Editorial : Archive Last Updated: Saturday, 06 September 2008 - 5:45 PM

Where Are the Hues of "Black" and "White"?
By Baruti KMT
Sunday, 31 December 2006 - 12:00 PM

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Recently, I was in conversation with a group of "on-line friends," and we were discussing the Texaco developments. As usual, the question of "race" emerged as we talked further.

Being one who critiques this construct of race, I then proceeded to ask the question, what "really" is Black and White? At that moment, many replies came across my screen. Some stated that "White was not Black, and Black was not White;" while some asserted that they are "cultural" designations.

Given these and other responses, I decided to offer my thoughts, of which there are many, on this subject which seems to be like Jason and Freddy - aren't properly dealt with, so in the end they do not DIE!

Firstly, race is nothing more than a social construct that very few, if any, of us choose to examine closely. By construct, I mean racial designations are a neat and compartmentalized way to place groups in an antagonistic position; which, as can be clearly seen, causes one to think in terms of "racial superiority."

More often than not, people will blindly follow "the norm," because that's "just the way it is." Being one of sound mind and body (at least the last time I checked), I vehemently disagree with this proposition.

Secondly, given the ideologies of the opulent minority, who really stands to benefit from the bickering and infighting that occur as a result of this construct. Think on that for a moment.

As one who studies culture and human phenomenon from a different world-view, I often challenge those with whom I come in contact to examine the question of "race" a little closer. For instance, if you and others neglect the fundamental question of "why are things this way?" you will fall into the trap of thinking that you are either superior or inferior to those in your midst. Thereby, causing adverse stimuli to be placed into the sub-conscious mind; which in-turn manifests itself in the form of marginalization of "lesser empowered" groups.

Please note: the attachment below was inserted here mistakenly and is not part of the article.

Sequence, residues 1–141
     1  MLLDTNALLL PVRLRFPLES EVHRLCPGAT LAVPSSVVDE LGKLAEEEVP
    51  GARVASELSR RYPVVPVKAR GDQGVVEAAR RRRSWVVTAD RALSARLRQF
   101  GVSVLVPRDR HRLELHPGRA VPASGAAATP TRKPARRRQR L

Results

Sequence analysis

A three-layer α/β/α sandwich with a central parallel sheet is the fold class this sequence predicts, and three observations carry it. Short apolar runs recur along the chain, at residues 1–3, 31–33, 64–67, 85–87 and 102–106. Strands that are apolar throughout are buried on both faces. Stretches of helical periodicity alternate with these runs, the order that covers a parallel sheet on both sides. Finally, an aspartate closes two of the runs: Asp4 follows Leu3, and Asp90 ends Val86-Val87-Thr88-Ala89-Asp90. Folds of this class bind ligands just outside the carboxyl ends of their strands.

Recognizing that race is indeed a construct, I cannot, nor will I, abdicate my responsibility in acknowledging the manifestations of this heinous institution; of which there are many.

In response to the belief that the words "Black" and "White" are "cultural designations," I ask one question; if they are indeed so, why then will most people, in the same sentence, use the terms Chinese, Japanese, Indians, and Native Americans to describe other groups? To do so, at least to me, sounds like racial reasoning. Such a realization should cause one to question the current state of affairs in this country.

When I think on the manifestations of racialization, I become troubled; mostly for those who accept the ideology previously eluded to. For by doing so, you empower those who, by virtue of a well documented falsehood, assume a baseless and ill-deserved position of authority.

Just think for a moment, if this anti-intellectual construct has its root in a faulty premise, then on what is the conclusion erected??? Logically!!!!

Column originally published in Signal (Georgia State University's student newspaper) 19 November 2006

© Copyright 2006 by Radical Scholar, Inc.

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